Zinn’s chapter, “The Seventies: Under Control?” highlighted several themes that can still be related to today’s political sentiments. The first idea presented is that after the Vietnam War, there was a general distrust and low approval of the government. Given the outbreak of protests that the United State’s involvement in the Vietnam War causes, this was not a huge surprise to me. However, the statistics that Zinn references were shocking and very drastic changes in not a long period of time. For example, from 1964 to 1972 the percentage of people who thought that the government operated by running on only a few big interests and only looked out for themselves, increased from 26% to 53%. This definitely seems to be a result of the US joining the Vietnam War because the government likes to show its dominance. As Zinn discusses later, the US seems to like to show its importance by getting involved in world affairs rather than keeping an isolationist ideology. In addition to the first poll, Zinn also included statistics of the percentage of independents increasing by 14% from 1940 to 1974. People of both ideologies were so upset with the government and had so much distrust in them that they didn’t want to be affiliated to a party at all. Although party polarization is increasing over time, I see similar sentiments of disapproval and distrust in the government nowadays as well. Thinking back to the 2016 election, there was such a low voter turnout because so many people disapproved of Hillary Clinton and Donald Trump. I also know a lot of people who disaffiliated and became independent after that election because of disappointment in both the Republican and Democratic parties.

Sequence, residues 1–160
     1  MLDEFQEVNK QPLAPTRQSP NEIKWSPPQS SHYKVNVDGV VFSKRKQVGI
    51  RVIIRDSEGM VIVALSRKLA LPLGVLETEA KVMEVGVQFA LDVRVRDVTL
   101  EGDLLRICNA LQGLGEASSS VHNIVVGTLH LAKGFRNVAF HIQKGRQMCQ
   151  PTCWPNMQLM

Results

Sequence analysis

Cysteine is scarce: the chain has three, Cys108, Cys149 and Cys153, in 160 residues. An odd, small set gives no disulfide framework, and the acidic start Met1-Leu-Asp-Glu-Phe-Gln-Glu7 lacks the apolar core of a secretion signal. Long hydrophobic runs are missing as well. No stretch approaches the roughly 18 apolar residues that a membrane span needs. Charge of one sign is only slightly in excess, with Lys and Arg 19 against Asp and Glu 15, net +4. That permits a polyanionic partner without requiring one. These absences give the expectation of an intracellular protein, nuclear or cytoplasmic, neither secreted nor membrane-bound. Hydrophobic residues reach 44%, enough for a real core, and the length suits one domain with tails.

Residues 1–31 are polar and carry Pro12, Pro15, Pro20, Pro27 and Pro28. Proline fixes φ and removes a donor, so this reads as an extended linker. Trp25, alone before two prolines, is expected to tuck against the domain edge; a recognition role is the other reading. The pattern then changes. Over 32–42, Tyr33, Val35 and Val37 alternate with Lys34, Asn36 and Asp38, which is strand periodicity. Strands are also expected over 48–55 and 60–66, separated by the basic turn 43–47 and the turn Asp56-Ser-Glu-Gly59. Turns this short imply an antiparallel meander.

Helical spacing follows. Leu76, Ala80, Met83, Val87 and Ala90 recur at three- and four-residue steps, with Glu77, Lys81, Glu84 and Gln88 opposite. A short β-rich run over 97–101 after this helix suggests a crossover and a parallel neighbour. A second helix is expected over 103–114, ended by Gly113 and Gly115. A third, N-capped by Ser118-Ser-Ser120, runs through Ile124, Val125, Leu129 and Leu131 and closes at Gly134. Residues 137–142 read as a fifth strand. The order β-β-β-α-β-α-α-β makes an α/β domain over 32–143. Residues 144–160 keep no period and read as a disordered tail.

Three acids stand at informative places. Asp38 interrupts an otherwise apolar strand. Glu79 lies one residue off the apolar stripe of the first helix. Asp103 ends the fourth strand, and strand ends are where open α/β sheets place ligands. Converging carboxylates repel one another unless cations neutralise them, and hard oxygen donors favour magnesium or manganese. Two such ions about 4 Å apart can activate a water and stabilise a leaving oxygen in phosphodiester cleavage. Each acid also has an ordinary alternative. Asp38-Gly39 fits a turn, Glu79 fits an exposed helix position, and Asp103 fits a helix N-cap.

Another idea that stood out to me was Zinn’s discussion of the Honeywell Corporation employee’s feeling about producing weapons for the Vietnam War. 131 employees of the corporation thought that they should stop producing these weapons while only 88 thought Honeywell should continue the production. Zinn includes an example of a response for someone who answered that they should stop as being, “‘How may we have pride in our work when the entire basis for this work is immoral?'” (Zinn 542). When we discussed this idea in class I only thought about the soldier who were actually fighting in combat against the Vietnamese and how they felt unmotivated to complete their tasks when they thought it was immoral. It is interesting to think about all the other people and workers who weren’t actually on the battlefront but still contributed to the war in one way or another. Also, given the discussion of low political approval ratings, it makes me wonder if a lot of the politicians at the time of the Vietnam War were actually against the US involvement, but didn’t have enough authority to stop it. I’m sure there were a fair amount of politicians who opposed this, but given the increased number of independents, it makes me think that neither party was particularly happy with the way politicians from their respective parties handled the conflicts.